Failing to request a hearing can be a very costly mistake.  It is recommended that a licensee request a hearing and to present testimony in your defense.  If you want to retain your medical license, you need to fight for it.

As always, if you have any questions about this post or about the State Medical Board of Ohio in general, please feel free to contact me at beth@collislaw.com or at 614-486-3909.

Are you resilient enough to be a physician?

As most physicians will tell you, it takes a lot more than understanding chemistry or being a good test taker to be a good physician. It takes being willing to work hard, being able to face adversity, and staying calm in a crisis situation. It takes being resilient.  I often wonder if medical students and medical residents are being challenged and taught the appropriate skills to be an accomplished physician.

In my practice, I represent physicians who are being investigated by the State Medical Board.  I also regularly represent residents who face discipline in their residency program or who are seeking licensure for the first time.  For most of my clients, an investigation in their practice by the State Medical Board may be the first time they have ever been questioned by a person in authority or “called on the carpet” for their actions.   Based on this new experience, it is interesting how they react.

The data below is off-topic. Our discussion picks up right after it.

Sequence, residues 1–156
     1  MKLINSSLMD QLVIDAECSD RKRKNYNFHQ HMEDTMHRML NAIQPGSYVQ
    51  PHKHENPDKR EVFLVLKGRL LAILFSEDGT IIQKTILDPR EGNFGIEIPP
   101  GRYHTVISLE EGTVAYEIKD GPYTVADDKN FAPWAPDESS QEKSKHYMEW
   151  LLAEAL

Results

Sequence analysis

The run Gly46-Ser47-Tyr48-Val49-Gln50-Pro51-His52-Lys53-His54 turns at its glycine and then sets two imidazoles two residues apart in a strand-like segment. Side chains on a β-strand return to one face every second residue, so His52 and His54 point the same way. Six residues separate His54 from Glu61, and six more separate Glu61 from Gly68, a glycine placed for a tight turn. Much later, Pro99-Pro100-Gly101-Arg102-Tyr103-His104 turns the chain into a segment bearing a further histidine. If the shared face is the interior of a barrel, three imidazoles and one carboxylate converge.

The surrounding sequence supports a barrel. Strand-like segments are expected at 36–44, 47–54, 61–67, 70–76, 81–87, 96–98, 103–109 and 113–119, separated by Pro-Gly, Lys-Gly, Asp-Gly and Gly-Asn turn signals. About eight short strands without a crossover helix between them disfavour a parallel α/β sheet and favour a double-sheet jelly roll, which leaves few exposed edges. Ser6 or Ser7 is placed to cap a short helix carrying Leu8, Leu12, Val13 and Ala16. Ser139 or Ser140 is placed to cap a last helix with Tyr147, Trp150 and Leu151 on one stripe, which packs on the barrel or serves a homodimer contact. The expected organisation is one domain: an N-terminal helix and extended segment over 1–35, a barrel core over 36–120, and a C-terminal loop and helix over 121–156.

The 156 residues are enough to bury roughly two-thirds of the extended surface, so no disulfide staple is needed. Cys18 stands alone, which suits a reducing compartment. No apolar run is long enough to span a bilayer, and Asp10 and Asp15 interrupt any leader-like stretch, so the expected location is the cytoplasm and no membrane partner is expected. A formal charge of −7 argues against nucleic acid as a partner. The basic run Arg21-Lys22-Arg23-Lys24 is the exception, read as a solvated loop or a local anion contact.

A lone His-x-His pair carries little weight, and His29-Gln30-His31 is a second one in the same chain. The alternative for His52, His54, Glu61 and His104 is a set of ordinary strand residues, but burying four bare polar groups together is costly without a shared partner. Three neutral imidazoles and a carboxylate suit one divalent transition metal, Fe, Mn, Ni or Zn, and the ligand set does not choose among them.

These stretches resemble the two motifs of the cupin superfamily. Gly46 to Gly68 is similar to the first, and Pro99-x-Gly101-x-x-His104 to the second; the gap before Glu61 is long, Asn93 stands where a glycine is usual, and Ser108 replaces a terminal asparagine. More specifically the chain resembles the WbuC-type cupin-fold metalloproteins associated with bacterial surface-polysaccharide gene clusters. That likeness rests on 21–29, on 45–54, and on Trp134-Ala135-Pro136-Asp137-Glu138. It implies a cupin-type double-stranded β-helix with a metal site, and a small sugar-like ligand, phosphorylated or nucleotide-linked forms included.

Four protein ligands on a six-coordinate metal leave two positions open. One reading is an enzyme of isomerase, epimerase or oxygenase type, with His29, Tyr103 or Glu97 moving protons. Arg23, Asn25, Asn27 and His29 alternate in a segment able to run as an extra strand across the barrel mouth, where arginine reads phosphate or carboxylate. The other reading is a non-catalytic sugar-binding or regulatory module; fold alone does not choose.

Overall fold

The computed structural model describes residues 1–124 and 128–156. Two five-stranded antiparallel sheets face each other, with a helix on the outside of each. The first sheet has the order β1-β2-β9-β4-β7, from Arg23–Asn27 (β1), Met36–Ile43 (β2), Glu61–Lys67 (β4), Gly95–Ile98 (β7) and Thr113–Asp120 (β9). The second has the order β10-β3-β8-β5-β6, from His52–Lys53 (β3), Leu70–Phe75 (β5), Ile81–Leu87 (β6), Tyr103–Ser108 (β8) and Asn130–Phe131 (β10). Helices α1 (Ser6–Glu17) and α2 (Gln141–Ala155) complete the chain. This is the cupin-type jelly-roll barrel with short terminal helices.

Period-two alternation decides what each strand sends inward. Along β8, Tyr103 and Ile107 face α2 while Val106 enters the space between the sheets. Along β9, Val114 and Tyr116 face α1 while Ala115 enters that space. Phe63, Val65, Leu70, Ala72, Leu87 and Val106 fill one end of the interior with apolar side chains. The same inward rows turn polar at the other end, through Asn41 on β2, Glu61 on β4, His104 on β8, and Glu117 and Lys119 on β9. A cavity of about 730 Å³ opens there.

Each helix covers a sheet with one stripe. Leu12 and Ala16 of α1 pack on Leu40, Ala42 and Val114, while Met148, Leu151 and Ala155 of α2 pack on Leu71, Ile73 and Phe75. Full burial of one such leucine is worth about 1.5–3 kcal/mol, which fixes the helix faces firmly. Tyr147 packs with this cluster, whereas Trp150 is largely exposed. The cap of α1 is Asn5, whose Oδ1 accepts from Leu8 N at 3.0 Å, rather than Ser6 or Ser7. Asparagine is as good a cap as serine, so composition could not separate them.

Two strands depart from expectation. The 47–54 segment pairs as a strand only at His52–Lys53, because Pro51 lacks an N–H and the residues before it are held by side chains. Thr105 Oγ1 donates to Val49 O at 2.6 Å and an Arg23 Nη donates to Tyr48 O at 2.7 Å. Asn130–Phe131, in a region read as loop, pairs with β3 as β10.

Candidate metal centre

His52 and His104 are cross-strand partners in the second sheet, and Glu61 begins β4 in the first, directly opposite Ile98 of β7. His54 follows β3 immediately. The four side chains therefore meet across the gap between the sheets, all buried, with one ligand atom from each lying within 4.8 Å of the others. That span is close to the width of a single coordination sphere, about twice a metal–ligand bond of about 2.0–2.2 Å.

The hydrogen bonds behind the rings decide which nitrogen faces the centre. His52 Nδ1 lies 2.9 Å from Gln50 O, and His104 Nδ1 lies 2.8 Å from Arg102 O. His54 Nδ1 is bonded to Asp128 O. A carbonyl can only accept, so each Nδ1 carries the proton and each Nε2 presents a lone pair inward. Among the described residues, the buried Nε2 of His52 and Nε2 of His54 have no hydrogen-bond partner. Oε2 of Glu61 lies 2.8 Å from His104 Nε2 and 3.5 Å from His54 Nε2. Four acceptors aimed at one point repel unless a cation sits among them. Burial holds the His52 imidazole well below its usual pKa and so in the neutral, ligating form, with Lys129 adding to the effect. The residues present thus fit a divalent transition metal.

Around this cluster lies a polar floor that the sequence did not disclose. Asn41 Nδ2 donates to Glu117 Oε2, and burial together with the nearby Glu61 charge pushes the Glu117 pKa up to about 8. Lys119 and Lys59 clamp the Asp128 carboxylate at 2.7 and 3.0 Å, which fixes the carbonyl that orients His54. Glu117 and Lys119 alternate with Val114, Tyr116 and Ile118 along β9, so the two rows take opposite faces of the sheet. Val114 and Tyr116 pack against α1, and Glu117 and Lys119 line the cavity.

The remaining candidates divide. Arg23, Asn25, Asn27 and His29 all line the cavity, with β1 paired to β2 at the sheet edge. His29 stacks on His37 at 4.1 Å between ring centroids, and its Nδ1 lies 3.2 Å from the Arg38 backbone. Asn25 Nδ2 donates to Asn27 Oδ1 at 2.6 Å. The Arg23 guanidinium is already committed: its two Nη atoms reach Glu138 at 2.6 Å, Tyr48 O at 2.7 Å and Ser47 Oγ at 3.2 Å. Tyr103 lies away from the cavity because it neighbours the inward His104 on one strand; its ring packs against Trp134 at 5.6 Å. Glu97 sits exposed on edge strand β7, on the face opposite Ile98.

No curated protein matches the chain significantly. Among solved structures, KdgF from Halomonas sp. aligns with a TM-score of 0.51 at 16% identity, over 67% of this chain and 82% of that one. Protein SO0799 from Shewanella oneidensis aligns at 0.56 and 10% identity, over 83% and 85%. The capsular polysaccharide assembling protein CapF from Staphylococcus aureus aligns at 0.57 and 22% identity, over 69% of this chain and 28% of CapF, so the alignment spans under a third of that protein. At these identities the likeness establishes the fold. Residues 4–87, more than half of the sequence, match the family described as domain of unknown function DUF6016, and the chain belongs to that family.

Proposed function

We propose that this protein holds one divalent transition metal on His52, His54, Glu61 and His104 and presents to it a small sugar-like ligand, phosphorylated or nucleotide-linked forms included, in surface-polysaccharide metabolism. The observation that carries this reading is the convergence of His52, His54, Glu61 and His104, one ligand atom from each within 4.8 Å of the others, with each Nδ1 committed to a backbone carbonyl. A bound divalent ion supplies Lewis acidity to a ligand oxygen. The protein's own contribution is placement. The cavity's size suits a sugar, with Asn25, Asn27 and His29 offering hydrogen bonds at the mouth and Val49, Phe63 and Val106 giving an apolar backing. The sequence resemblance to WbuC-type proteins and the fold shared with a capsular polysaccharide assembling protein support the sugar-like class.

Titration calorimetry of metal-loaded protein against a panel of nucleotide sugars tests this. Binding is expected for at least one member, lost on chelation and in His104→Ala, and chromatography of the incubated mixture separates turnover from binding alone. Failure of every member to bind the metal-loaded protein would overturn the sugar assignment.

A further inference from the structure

A Board investigation is an incredibly stressful time for the physician. Their entire professional livelihood is on the line and any discipline that is imposed by the Board will have significant ramifications to their job, hospital credentialing status, third-party payor status, board certifications and may affect other state licenses.

Investigations by the State Medical Board do not have a statute of limitations and, once the Board starts an investigation, it is not limited to just the scope of the complaint.  The Board may review all aspects of the physician’s practice. In addition, while conducting an investigation, the Board can order the physician to undergo a chemical dependency evaluation or a mental or medical evaluation to determine if they have a condition that may affect their ability to practice medicine.

In order to get through a Medical Board investigation, the physician needs to be patient, cooperative and still maintain the same level of professionalism in their practice while seeing patients. This calls for resiliency on the part of the physician.

Physicians hold patients’ lives in their hands. They need the intelligence, executive function skills, and downright grit to maintain their composure in an ever-changing medical field. So, before entering medicine or if you are a practicing physician, I think it is important to consider .. are you resilient enough to be a physician?

As always, if you have any questions about this post or the State Medical Board of Ohio, please feel free to contact me at (614) 486-3909 or email me at beth@collislaw.com.